Large collection of matchbox labels and skillet collectables

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Large collection of matchbox labels and skillet collectables

My name is Steven Smith
My interest in matchboxes started as a 7 year old. I lived in a seaside town and my friend and I would walk daily along the seafront and quayside of the busy port to collect matchboxes that were discarded by the visiting holidaymakers and sailors; they of course brought with them matchboxes from different regions and Countries to that of my own. My collection was extended when my friend's interest waned and I was able to integrate his matchbox and label collection into my own. Over the years the numbers of matchboxes increased; not only was I acquiring matchboxes myself, I was also assisted by family and friends picking up matchboxes on their travels or through normal use but it was not until my own family had grown up that I was able to dedicate more time to this growing obsession.

I came to the decision that I wanted to enlarge my collection of matchboxes so I decided to place an advert in the newspapers to see if people had matchbox collections they wanted to sell. I viewed and bought the collections from people who replied to me and from these people I also found out about the British Matchbox Label and Booklet Society. This is when I became a serious collector of matchbox labels.

I started off buying bags of 1000 plus matchboxes that had to be sorted. Some people sort by themes i.e. 'Threes', animals, sports, pubs etc but the majority of serious collectors sort by country and either manufacturer or alphabetical order. I chose to sort into the countries that produced the matchbox labels. I removed the labels from the matchboxes by soaking them off and then mounting them in albums. I came up with an idea that I thought was a good one; to mount the matchbox labels into self-adhesive photo albums, this turned out to be a very bad mistake as I discovered the glue used on the albums ruins the matchbox labels. Accordingly I had to take all the labels out of the albums and find a new way of storing them. The answer I came up with was to mount them on paper with stamp hinges and place them in clear plastic pockets.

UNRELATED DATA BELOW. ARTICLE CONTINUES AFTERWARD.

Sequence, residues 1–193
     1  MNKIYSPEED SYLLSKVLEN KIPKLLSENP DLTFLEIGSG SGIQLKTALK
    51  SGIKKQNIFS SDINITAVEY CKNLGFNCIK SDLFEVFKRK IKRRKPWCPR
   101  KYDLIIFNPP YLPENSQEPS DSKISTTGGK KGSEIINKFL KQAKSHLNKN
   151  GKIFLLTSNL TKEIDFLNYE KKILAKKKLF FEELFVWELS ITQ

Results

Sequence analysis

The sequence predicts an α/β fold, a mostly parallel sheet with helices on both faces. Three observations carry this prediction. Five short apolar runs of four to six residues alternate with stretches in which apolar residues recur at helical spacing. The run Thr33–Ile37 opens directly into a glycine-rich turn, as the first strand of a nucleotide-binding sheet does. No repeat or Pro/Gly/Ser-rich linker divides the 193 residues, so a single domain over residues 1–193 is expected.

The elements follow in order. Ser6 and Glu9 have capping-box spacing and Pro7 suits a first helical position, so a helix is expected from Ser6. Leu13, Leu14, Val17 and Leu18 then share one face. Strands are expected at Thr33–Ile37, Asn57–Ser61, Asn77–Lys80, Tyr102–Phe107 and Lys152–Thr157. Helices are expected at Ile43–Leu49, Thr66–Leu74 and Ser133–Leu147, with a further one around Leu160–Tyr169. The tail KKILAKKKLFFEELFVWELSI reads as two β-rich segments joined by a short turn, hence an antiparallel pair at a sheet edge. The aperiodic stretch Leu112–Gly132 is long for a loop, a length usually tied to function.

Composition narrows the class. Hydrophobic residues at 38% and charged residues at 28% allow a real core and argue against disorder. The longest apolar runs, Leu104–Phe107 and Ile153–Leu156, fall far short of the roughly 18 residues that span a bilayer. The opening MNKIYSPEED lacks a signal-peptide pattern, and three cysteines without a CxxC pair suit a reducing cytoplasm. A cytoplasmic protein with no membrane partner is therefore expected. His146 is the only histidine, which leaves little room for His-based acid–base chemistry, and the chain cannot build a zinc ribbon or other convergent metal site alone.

Removing matchbox labels is surprisingly easy; place the wood or cardboard matchbox in water and leave to soak. Often the labels will just float off but if they don't they just need to be gently peeled off and allowed to dry by either placing them on towels or paper kitchen roll. The matchbox labels then need to be ironed flat and pressed in a flower press or a heavy book. Glazed matchbox labels, when soaked in water lose their glaze but when ironed, if you cover the top side with a piece of tin foil the glaze will be brought back.

After a few years of very serious collecting I was in a very fortunate position to be able to buy one of the best collections of matchboxes in the world. After four years I am still trying to integrate my matchbox collection into this one. Many of my labels are now stored in fireproof safes, not only because of the value but if anything did ever happen to them they are irreplaceable. In future years I am hopeful of maybe setting up a matchbox museum so that other people can get the benefit of viewing a large part of history that is forgotten and dying out.

My collection is forever growing, added to through the acquisition of other people's collections if for instance they no longer have the interest in collecting or perhaps the space taken up by their matchbox collection is needed for another purpose, through Society auctions and now with the computer generation through Internet auctions, through word of mouth and not forgetting of course going down to the local shop to buy a box of matches.

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